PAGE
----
The top 8 ways writing goes horribly astray.
It’s a danger you face any time you sit down to draft a blog post, email or web page.
It’s a danger I’m facing this very moment:
That your writing will go horribly astray.
When writing goes astray, it fails to make something happen. And that’s a sorry fate for your hard-wrought words.
So how do you keep your writing on course and achieving its intended purposes?
By watching out for these eight pitfalls.
Pitfall 1:Your topic is dull.
“Why air is important.”
“How to replace your toner cartridge.”
“Things to know about prostate checks.”
Maybe you had a dull topic foisted on you. Or maybe you did this to yourself.
Know this: when your topic is dull, your writing is bound to be dull, too.
So what do you do? If it’s up to you, simply abandon any topic that doesn’t make you light up with ideas.
But if it’s not up to you, recast your topic to make it more interesting:
“How the air you breathe can make you stronger, healthier and sexier.”
Yeah, that’s better.
Pitfall 2: You don’t have a point.
You’re not just drafting an article. You’re drafting an argument.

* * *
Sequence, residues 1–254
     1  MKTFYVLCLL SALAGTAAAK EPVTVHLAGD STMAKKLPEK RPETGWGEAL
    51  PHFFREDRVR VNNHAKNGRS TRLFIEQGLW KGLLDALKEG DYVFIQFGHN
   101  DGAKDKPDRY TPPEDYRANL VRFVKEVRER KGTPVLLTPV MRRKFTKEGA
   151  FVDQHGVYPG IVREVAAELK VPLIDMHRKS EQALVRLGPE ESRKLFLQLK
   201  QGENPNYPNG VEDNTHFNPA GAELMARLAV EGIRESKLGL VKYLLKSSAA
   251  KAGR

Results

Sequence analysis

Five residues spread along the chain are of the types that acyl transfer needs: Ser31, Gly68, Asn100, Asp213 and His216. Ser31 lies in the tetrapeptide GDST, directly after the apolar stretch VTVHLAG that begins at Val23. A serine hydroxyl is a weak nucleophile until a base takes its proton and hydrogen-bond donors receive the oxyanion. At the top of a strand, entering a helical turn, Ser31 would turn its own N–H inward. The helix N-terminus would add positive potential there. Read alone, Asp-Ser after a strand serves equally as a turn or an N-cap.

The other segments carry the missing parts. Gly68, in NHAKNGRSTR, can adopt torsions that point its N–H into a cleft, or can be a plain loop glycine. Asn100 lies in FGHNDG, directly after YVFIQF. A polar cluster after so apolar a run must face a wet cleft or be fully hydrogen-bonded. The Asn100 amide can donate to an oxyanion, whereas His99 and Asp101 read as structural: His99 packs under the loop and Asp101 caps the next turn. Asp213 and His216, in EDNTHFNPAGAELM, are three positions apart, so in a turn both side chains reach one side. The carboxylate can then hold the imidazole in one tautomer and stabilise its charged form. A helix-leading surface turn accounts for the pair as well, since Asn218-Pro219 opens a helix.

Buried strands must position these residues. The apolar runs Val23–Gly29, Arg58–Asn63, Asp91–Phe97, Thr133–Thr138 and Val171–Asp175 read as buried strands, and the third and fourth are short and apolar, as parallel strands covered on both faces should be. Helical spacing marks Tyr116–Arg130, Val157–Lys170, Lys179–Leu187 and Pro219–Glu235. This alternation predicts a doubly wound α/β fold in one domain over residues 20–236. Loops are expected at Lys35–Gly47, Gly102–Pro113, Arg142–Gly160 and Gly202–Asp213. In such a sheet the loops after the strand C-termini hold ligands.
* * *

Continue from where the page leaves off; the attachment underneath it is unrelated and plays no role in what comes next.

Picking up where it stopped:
In other words, when you write, you should create a powerful case for your point of view.
What’s the point of this article?
“Writing often goes astray. And there are sure-fire ways to avoid that.”
In college, they tell you that you need a thesis statement. That’s a fancy way of saying, “Have a point.” And what are the signs of a strong thesis statement?
- It’s clear.
- It’s definitive.
- It’s stated early in your essay.
- It’s the focus of everything you say.
So read over what you’re written and make sure your thesis statement—your point—is loud and clear. And if it’s somewhat controversial, all the better.
Pitfall 3: You’re not organized.
Writing that isn’t organized leads to readers who are confused. And confused readers will abandon your article in the blink of an eye.
So there are two ways to be organized in your writing:
- Either organize up front.
- Or organized at the end.
I recommend you start with some kind of an outline. It actually helps the writing process. Think of it as a list of things you want to cover—much like this article, which was organized into eight different pitfalls.